First of all, the reader can tell that a woman wrote this novel. One of the things that makes me leery of reading female authors in pulp fiction is that they fill their novels with sex.  Why is that? Males are supposed to be the sex-driven gender. But in novels, female authors seem to confuse sex for romance. There’s vast amounts of psychological speculation we could get into with this point. However, the last “urban fantasy” book I read was co-authored by a male and female author – and there was no sex in it. There were some vague innuendos and a few hints, but no sex. In this book here, Magic to the Bone (entirely authored by a female), there are at least two lengthy sex scenes. I’ll be honest – I don’t read them. I skip ahead a few pages.

I like some of the concepts that Monk is playing with in this novel because they are fresh and interesting. There are no vampires (thank God!) and there are no werewolves (thank God!).  Instead there is this concept of turning magic into something like a municipal utility. You know, like electricity and water. This is cool. And sure, there are hints that maybe there are magic users that preceed this sort of utility and that operate outside of this municipal faculty. But these are interesting concepts, to be sure. There is sort of a “conservation of energy law” that ties into the story. I think there is some work to be done with all of these concepts…. but this is Monk’s first book and, well, its not Scientific American. Its pulp urban fantasy.  Still it was nice to read something that didn’t involve vampires.

The main character can be amusing at points. (I don’t know how many more times she could say “Hells!” when exasperated, though.) Allie Beckstrom is not as assertive and intelligent as some of the typical female heroines, though. I mean, she’s stubborn and catty, but sometimes she’s pretty daft. There are times that she does some dumb things. For the first quarter of the book, I was slightly frustrated because she makes retarded choices and seemed to be really running in circles. Literally. However, by the end of the book, she seemed to develop a bit more, which is to be expected. I liked the other characters fairly well. The villains were a little underdeveloped, but I suspect Monk was just laying the foundation for more books.  I was interested in Violet, Allie’s stepmother, and Cody, the real victim in the book. And there is a cute kitten in the book that stole my heart.

Overall, this is a solid first book. And I would read further in the series.

3 stars

Magic Bites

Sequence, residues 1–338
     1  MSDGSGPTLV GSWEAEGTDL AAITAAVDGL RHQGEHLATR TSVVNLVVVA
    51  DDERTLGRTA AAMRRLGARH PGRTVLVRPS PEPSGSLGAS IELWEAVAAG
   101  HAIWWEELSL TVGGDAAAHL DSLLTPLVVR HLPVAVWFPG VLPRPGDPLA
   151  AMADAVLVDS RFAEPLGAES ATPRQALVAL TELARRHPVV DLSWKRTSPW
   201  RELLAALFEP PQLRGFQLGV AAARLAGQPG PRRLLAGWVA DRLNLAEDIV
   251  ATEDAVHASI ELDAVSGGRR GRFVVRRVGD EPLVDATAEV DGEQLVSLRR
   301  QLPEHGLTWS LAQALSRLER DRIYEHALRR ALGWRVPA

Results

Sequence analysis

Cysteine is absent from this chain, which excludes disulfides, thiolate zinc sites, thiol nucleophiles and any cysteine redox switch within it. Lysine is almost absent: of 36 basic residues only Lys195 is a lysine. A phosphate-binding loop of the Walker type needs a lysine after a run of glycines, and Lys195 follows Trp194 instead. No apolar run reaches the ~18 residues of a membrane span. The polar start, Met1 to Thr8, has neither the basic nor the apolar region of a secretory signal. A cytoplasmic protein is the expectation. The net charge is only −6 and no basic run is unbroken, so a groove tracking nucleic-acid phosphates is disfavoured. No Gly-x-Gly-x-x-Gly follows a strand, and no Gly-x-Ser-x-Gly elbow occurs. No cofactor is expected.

Magic Bites

Magic Bites

I recently read “Magic Bites” by Ilona Andrews, published in 2007.

I read this book because I am starting to work my way through a list of what is called “urban fantasy.”  This term provoked an interesting discussion on the over-genre-ization of novels these days.  What the heck is “urban fantasy?” I mean, I know what people mean by it, but is it really something? Really? Isn’t it just fantasy or fiction?

Anyway, Ilona Andrews is actually:  two writers, Ilona and Gordon. From their website we learn:  “We write urban fantasy, an odd hybrid of a genre that includes elements of mystery, fantasy, and horror. Our stories are set in a modern setting that has a touch of paranormal to it.”  Frankly, I wasn’t very surprised when I found out that its a team of authors.  Somehow, though they do write seamlessly together, there was something about the writing in this little novel that made me think that either the author did a LOT of research on some very minor details, or the editor really was picky in some places. Turns out its not all culled from one brain!

“Magic Bites” is the first novel in the Kate Daniels series. The website says: “Atlanta would be a nice place to live, if it weren’t for magic… One moment magic dominates, and cars stall and guns fail. The next, technology takes over and the defensive spells no longer protect your house from monsters. Here skyscrapers topple under onslaught of magic; werebears and werehyenas prowl through the ruined streets; and the Masters of the Dead, necromancers driven by their thirst of knowledge and wealth, pilot blood-crazed vampires with their minds. In this world lives Kate Daniels. Kate likes her sword a little too much and has a hard time controlling her mouth. The magic in her blood makes her a target, and she spent most of her life hiding in plain sight. But when Kate’s guardian is murdered, she must choose to do nothing and remain safe or to pursue his preternatural killer. Hiding is easy, but the right choice is rarely easy…”

Its an easy summer reading book. I mean, you do not have to muscle through this one. Which is nice. I was truly afraid it would be very… how can we describe it?… very romancy/girlie.  And sure, the main character is a chick, but she’s not some damsel in distress full of love-struck big hearts. And that is very much a good thing for the book.  Look at Kate’s picture on the front cover. Its a really good cover, actually, drawn by Chad Michael Ward. The picture isn’t some silly ditzy girl.

The enemies, villains and allies such are formed through alliances that seem more or less to want to keep the status quo.  One fantastic thing about the story is that vampires are not some neo-Gothic, emo romancy types. Vampires in this series are entirely monsters – basically, like zombie insects. And this is so wonderful because I am sick of the ridiculous characterization of vampires as “cool”. (Twilight/True Blood)  Anyway, I am interested in reading more about the beasts.

Some may be a bit confused or dissatisfied with the start of the book – feeling its very in media res. I suppose it does start that way, but its okay, and it works for the book.

3 stars